02/18/10 — Sheriff's Office SWAT conducts meth lab raid

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Sheriff's Office SWAT conducts meth lab raid

By Nick Hiltunen
Published in News on February 18, 2010 1:46 PM

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Members of the Wayne County SWAT team stand guard during a meth lab bust in Seven Springs Wednesday. The officers cannot be identified for security reasons.

SEVEN SPRINGS -- A Seven Springs man faces a meth manufacturing charge after the Wayne County SWAT Team raided his home on Wednesday afternoon.

Around 3:40 p.m., the Special Weapons And Tactics team rolled into the driveway of 1968 Pineview Cemetery Road, owned by George Nelson Tripp, 51.

Tripp was still in jail as of this morning under a $225,000 bond, Wayne County Sheriff's Office Capt. Tom Effler said, on a charge of manufacturing methamphetamine.

Members of the special team and other narcotics detectives and operatives quickly descended on the scene after pulling into the driveway, and had three suspects secured within minutes.

Two Jones County men who were at the residence were released from the scene and not charged, authorities said.

Officers moved quickly to ventilate the suspected meth lab, as one officer smashed a window on a large metal storage shed near the home.

That was intended to provide quick ventilation to what officers believed was either a meth lab or an operation to produce a chemical used in illicit production.

Another officer took a heavy tool to forcefully remove a lock on a smaller shed, immediately behind what officers said was an active meth operation.

A pack of at least eight dogs and puppies immediately appeared from the backyard, under the porch and other areas throughout the property.

None of the dogs barked loudly or growled at the officers, quickly retreating to other areas about the property after investigating.

Cpl. Chris Peedin is the resident expert on methamphetamine cooking operations for the Wayne County Sheriff's Office.

The detective said he had been working the investigation since April, after a multitude of complaints about the property.

"Information says he's been cooking meth for a long time, and he's just been kind of difficult to (arrest)," Peedin said. "I hope the citizens of Seven Springs are happy, because a lot of people were complaining about this individual here."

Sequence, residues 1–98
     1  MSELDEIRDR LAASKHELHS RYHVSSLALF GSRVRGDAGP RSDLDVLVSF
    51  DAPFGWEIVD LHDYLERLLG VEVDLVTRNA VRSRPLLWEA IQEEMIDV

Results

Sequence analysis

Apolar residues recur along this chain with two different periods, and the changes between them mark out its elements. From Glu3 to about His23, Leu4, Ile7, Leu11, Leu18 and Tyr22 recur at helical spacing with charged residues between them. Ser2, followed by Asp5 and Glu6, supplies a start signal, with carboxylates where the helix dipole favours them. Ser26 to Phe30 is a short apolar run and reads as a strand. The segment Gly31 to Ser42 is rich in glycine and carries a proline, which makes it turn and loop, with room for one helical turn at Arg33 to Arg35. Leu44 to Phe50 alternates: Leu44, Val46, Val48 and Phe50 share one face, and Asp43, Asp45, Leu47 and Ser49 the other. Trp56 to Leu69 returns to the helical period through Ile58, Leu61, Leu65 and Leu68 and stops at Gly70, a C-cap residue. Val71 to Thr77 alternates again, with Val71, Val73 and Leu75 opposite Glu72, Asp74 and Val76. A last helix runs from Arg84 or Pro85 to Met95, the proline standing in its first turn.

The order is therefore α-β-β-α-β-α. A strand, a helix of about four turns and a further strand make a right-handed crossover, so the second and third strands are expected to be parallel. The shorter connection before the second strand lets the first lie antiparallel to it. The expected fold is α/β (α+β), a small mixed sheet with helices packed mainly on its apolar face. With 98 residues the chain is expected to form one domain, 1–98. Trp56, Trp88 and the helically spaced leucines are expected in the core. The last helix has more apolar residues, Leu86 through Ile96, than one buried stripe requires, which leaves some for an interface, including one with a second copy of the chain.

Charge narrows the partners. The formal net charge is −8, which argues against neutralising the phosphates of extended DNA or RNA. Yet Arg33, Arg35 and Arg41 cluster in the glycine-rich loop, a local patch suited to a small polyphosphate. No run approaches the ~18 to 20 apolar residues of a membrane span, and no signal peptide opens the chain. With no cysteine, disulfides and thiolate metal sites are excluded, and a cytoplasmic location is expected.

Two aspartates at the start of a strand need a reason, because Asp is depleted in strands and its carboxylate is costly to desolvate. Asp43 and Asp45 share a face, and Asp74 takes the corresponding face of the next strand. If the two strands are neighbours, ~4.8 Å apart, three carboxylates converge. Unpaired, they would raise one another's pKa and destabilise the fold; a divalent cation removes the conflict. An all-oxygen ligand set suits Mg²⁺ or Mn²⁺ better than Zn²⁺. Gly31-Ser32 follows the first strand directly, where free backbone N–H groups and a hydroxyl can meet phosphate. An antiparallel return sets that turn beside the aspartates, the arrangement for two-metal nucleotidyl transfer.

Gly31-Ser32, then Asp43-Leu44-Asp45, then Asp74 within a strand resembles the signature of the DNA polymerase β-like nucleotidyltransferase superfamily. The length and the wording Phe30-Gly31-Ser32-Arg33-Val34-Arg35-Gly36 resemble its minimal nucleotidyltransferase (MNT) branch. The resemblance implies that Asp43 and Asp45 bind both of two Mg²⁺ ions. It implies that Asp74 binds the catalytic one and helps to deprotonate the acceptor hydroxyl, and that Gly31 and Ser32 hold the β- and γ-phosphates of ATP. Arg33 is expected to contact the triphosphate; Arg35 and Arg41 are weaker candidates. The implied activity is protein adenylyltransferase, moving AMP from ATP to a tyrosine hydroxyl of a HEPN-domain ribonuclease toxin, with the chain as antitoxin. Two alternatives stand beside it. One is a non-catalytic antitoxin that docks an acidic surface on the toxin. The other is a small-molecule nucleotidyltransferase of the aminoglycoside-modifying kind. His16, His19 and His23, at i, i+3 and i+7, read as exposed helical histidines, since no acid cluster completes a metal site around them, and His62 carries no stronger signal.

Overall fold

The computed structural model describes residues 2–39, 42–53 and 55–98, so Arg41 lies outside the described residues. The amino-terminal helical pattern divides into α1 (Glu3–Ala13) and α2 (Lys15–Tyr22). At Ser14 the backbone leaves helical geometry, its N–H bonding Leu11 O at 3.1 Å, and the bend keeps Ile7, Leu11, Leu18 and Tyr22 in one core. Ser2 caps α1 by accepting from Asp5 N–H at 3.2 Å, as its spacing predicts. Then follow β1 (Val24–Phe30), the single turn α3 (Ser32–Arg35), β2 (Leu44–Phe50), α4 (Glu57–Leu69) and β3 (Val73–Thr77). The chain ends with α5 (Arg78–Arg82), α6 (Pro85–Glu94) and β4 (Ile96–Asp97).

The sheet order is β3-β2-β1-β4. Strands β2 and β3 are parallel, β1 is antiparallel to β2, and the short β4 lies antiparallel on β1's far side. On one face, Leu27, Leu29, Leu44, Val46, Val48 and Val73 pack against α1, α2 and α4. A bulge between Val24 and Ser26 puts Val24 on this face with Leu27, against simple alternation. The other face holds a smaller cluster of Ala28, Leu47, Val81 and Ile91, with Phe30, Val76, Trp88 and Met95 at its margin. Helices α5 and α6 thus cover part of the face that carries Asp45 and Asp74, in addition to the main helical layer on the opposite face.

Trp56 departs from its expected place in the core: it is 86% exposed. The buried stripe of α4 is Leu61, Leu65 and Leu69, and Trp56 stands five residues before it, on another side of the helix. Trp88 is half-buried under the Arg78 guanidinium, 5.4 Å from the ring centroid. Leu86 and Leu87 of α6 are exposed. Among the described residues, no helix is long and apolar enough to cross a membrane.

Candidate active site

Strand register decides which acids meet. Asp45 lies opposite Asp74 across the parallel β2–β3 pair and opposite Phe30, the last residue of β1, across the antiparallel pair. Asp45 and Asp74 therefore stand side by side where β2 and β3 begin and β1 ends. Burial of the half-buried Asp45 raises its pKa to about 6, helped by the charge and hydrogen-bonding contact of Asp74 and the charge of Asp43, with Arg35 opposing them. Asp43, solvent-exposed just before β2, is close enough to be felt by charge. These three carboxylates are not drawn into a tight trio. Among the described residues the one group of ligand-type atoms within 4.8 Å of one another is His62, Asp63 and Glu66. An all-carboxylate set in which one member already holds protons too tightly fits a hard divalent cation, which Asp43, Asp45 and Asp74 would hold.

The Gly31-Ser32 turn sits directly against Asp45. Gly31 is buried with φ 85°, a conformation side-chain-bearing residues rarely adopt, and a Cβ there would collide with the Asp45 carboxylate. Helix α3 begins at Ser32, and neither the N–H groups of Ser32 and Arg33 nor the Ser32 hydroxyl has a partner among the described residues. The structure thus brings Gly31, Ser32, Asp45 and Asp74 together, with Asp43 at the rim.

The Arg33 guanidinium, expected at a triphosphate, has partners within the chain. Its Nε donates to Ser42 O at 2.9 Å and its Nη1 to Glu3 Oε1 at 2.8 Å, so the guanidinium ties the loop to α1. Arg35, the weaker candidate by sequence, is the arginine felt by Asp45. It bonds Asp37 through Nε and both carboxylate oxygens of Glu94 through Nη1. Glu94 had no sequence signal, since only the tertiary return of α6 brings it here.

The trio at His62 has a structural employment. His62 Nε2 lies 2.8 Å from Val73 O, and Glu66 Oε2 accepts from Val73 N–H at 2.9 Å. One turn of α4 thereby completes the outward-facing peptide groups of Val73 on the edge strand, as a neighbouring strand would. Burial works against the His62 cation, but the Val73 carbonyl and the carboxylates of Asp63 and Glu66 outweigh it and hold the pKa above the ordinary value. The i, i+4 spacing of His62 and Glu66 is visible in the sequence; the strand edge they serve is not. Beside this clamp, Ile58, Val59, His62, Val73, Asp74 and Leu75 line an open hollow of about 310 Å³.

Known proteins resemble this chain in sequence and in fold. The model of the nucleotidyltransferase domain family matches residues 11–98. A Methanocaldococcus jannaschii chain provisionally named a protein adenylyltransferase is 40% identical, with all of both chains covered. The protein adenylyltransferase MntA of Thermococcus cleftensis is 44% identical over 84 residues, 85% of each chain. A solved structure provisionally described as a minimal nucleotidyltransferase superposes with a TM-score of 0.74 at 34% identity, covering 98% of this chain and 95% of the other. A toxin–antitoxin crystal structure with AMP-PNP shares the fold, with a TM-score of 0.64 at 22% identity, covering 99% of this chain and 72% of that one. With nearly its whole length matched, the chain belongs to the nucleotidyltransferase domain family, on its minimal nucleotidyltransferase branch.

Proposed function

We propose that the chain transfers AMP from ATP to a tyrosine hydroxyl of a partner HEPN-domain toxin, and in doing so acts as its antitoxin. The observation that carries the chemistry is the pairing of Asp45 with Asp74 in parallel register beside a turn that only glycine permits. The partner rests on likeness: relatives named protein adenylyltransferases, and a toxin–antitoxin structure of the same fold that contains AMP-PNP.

The corporal said the SWAT team was deployed because the Sheriff's Office had received credible information about Tripp allegedly experimenting with pipe bombs or other such improvised explosive devices.

Officers did not find any evidence of explosives on the property.

While the officers awaited members of the State Bureau of Investigation's special methamphetamine cleanup team, the man's son pulled into the driveway.

"I'm just here to find out what's going on," the man said. "My daddy lives here."

Peedin did not mince words.

"We've got a meth lab, or what appears to be a meth lab, right here, so the SBI's on the way to clean it up," Peedin said.

Peedin asked Tripp if he could turn over responsibility for the property to his son, and the suspect agreed.

"Whatever he wants," Tripp said.

After the scene was secured, Detective Sgt. Matt Miller and Peedin walked over to the suspected lab.

Miller explained that authorities had to wait for state investigators to arrive before investigating further.

"Well, we can't go in there and break down exactly what we think it is until the SBI gets here," Miller said. "It looks like some fertilizer connected to some tubes, so they're either making meth or making 'juice.'"

The sergeant explained that "making juice" was street slang for production of an illicit chemical used in the manufacture of methamphetamine.

Officers also located a "burn pile" where they suspected Tripp disposed of evidence of meth production. Leading up to the fire pit were trails of white powder that Peedin suspected was hydrochloric acid.

Just beyond the allegedly active lab, large mounds of chicken manure were piled up, and a fenced-in cemetery was in view behind the mounds.

Peedin said that officers had used the cemetery to watch the property on Wednesday night.

"Me and another deputy were sitting back there, and the wind blew just right, and you could smell a strong scent of ammonia," Peedin said.